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mathacka

Is DirectX 11 much different from DirectX 10?

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mathacka    124

I own, "Introduction to 3D Game Programming with DirectX 10" by Frank D. Luna, is that a good book to start with. I havn't read it yet?

 

Is directX 11 much different from directX 10? I know everything is going to shaders now, even if I learn shaders in directx 10 will I be able to write in 11?

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PwFClockWise    512

I learned DirectX 10 and had no problems going to the 11. There are a few changes and I haven't used it all too much really, but in DirectX10 you have a device that holds on to everything, while i Dx11 you have a device AND a deviceContext. They have pretty much split functionality of the device in DX10 into two. This, however, is no problem. It's really easy to learn.

When it comes to shaders I haven't really noticed any difference, except that the .fx file format isn't working anymore. At least I don't think it does. Now I just split files into .ps and .vs for pixelshader and vertexshader. The code itself to create shaders is the same, so no worries. 

You can learn the DX10. I've also used that book from Luna and it was a pretty good book. I find his code a bit confusing at times, but there are a lot of examples and downloadable content with source code and whatnot so I really liked the book.

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NightCreature83    5002
I learned DirectX 10 and had no problems going to the 11. There are a few changes and I haven't used it all too much really, but in DirectX10 you have a device that holds on to everything, while i Dx11 you have a device AND a deviceContext. They have pretty much split functionality of the device in DX10 into two. This, however, is no problem. It's really easy to learn.

When it comes to shaders I haven't really noticed any difference, except that the .fx file format isn't working anymore. At least I don't think it does. Now I just split files into .ps and .vs for pixelshader and vertexshader. The code itself to create shaders is the same, so no worries.

You can learn the DX10. I've also used that book from Luna and it was a pretty good book. I find his code a bit confusing at times, but there are a lot of examples and downloadable content with source code and whatnot so I really liked the book.
The FX file format has moved into a source repository in the DirectX SDK so that you can do modifications to it for your own use, but you can just compile a lib and link against it to get .fx files working again.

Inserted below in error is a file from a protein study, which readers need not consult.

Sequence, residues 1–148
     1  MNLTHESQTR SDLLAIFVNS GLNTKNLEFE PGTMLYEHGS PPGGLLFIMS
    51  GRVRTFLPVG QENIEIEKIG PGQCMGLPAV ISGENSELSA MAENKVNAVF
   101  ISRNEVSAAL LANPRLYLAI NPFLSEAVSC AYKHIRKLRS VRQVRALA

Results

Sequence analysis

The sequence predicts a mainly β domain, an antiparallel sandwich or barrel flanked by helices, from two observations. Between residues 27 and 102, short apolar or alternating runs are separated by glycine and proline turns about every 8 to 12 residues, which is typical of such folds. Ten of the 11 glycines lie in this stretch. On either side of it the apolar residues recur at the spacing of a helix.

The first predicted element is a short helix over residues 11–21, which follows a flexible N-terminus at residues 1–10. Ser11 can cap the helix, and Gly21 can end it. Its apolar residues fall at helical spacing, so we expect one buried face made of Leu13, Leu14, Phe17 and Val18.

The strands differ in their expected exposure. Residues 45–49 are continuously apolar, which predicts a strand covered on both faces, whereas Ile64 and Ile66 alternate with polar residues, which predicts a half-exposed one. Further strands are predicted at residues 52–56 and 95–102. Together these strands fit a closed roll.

You can find the source here: <DX SDK Directory>\Samples\C++\Effects11 with solutions for VS as well. Edited by NightCreature83

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PwFClockWise    512
I learned DirectX 10 and had no problems going to the 11. There are a few changes and I haven't used it all too much really, but in DirectX10 you have a device that holds on to everything, while i Dx11 you have a device AND a deviceContext. They have pretty much split functionality of the device in DX10 into two. This, however, is no problem. It's really easy to learn.

When it comes to shaders I haven't really noticed any difference, except that the .fx file format isn't working anymore. At least I don't think it does. Now I just split files into .ps and .vs for pixelshader and vertexshader. The code itself to create shaders is the same, so no worries. 

You can learn the DX10. I've also used that book from Luna and it was a pretty good book. I find his code a bit confusing at times, but there are a lot of examples and downloadable content with source code and whatnot so I really liked the book.

The FX file format has moved into a source repository in the DirectX SDK so that you can do modifications to it for your own use, but you can just compile a lib and link against it to get .fx files working again.

Cool! I kinda prefer having it separate .ps and .vs files though, but good to know nonetheless! Thanks for the info.

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Radikalizm    4807
<blockquote class="ipsBlockquote" data-author="NightCreature83" data-cid="5018993"><p>The FX file format has moved into a source repository in the DirectX SDK so that you can do modifications to it for your own use, but you can just compile a lib and link against it to get .fx files working again.<br /><br />You can find the source here: \Samples\C++\Effects11 with solutions for VS as well.</p></blockquote><br />This isn't true anymore for the latest Windows/DirectX SDK. The effects framework has been completely deprecated since the last SDK release, so I wouldn't rely on it anymore.

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